Very little direct evidence of women’s costume in Anglo-Saxon England survives from the period. Most of what we know of the garment shape and style is derived from scant illumination evidence and from the three female figures in the Bayeux Tapestry with some conjecture from Continental sources. Fabric patterns and styles have survived in some archaeological sites and grave goods. This garment is my best, educated guess as to a basic cyrtel or sleeved over-garment typical to an Anglo-Saxon upper class woman (thegn) living around the era of the Conquest of England (1066). A cyrtel was the basic dress worn by women during this period. It would have been worn over an undergarment whose sleeves may have peeked from beneath the looser sleeve of the cyrtel. The gown was ankle length, without a train. The sleeves could be long and full, like Countess Judith of Flanders, or close to the wrist like those of Aelfgyva from the Bayuex Tapestry. The images suggest that the garment was fitted at the waist (indicate by the placket at Judith’s waist and the folds of fabric on Aelfgyva – the latter may be artistic license). In recreating this garment, the drape is of utmost importance – the evidence suggests that the fabric was heavy enough fall in loose folds against the person and not cling or fly away from the person.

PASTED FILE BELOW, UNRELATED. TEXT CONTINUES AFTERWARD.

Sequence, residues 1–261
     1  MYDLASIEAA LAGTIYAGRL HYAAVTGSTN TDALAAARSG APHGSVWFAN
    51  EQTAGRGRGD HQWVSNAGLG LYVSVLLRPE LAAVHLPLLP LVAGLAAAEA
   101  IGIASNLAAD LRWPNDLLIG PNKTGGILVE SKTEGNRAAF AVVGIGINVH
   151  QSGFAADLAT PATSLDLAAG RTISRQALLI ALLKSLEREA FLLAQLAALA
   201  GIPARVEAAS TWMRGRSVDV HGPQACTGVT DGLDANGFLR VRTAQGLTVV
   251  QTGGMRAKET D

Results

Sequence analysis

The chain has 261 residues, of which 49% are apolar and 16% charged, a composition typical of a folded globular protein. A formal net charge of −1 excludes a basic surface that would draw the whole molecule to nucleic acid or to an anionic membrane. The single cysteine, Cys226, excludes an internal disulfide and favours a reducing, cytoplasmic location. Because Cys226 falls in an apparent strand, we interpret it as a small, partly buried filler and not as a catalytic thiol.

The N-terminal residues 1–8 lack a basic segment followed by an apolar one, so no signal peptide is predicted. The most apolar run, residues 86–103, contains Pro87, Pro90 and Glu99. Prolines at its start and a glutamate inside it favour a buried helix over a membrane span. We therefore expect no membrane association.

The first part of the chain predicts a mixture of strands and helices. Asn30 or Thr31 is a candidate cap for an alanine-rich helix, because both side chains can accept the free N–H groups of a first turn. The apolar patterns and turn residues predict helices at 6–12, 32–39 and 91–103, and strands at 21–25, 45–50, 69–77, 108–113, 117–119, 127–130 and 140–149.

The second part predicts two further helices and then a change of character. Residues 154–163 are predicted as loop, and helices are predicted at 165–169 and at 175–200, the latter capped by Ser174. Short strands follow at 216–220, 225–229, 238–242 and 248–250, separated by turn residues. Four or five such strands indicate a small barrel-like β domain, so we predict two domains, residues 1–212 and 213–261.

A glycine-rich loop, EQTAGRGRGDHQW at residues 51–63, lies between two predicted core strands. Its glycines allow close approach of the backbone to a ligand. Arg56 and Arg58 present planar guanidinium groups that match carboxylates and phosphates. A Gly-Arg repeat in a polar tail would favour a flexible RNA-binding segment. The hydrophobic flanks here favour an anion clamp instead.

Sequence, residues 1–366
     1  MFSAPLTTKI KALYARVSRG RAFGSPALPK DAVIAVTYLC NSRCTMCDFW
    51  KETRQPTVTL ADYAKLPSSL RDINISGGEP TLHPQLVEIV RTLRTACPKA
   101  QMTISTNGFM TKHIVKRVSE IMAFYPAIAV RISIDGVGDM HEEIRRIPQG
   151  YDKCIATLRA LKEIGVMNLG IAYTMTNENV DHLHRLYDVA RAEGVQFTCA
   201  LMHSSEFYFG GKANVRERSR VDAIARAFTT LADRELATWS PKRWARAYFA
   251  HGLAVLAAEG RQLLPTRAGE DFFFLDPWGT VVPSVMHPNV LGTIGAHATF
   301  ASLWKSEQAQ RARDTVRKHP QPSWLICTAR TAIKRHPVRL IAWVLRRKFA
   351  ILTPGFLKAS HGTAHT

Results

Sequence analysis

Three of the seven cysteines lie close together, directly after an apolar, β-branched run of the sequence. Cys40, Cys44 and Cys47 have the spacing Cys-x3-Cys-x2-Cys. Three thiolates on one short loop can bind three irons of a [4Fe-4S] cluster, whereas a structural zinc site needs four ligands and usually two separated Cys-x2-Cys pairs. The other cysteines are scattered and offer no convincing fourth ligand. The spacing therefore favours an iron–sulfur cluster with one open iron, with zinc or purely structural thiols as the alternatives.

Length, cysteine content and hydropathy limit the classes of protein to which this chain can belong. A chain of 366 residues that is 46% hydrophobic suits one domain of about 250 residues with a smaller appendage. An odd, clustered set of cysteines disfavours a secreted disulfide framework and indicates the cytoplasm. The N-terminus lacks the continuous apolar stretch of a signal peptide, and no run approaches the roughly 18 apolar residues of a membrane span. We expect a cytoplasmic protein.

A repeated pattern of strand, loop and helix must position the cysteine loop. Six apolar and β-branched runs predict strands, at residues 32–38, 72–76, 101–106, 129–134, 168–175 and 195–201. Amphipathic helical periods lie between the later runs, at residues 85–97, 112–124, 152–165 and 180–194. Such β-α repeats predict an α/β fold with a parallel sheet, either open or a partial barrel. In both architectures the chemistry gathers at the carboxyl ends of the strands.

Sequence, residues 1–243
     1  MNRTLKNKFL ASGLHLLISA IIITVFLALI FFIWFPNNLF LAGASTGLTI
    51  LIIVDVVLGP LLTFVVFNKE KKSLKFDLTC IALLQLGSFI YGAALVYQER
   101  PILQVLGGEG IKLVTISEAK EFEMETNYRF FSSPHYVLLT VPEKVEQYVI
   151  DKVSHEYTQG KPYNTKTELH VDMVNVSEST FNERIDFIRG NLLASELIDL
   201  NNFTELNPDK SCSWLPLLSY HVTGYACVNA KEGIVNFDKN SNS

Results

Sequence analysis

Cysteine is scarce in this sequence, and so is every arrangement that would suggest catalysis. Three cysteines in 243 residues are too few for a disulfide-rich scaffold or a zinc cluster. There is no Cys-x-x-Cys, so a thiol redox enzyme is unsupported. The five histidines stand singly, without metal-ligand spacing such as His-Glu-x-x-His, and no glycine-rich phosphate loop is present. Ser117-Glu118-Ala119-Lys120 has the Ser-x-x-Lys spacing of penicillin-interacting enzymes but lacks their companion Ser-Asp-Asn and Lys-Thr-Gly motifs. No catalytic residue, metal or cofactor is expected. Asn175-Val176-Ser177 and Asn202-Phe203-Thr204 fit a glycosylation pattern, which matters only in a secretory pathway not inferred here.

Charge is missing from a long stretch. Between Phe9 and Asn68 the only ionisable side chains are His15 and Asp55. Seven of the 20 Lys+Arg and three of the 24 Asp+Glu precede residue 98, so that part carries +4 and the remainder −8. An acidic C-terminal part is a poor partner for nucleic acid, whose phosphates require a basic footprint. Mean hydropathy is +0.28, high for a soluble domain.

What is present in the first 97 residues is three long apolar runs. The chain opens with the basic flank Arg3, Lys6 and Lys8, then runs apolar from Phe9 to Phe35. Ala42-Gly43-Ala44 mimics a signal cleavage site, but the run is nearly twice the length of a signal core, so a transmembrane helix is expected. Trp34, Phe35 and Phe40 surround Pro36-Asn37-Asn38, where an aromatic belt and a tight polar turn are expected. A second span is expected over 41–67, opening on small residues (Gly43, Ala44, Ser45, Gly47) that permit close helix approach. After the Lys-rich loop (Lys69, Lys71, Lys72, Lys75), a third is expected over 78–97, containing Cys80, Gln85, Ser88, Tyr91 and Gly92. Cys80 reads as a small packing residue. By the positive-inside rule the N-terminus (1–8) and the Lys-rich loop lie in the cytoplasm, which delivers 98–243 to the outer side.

In recreating this garment, I spun the wool to a sett found in archaeological finds, dyed the wool with dyes that would have been available to a women of the period – choosing a color combination that was possible, though not necessarily found in the archaeological record and wove the fabric using a broken lozenge twill that, judging by the quantity of found textiles from the period, was favored by the Anglo-Saxons. I cut and sewed the dress modeled from a found gament that provides a similar drape, and hand-sewed it using hand-spun thread and stitches that have been documented to the this era.
My hope is that in using the techniques and materials found in the period I will have created a cyrtel that is exemplary of the period. And, through this documentation, I have put into perspective the amount of time and effort that was needed to create even a simple garment.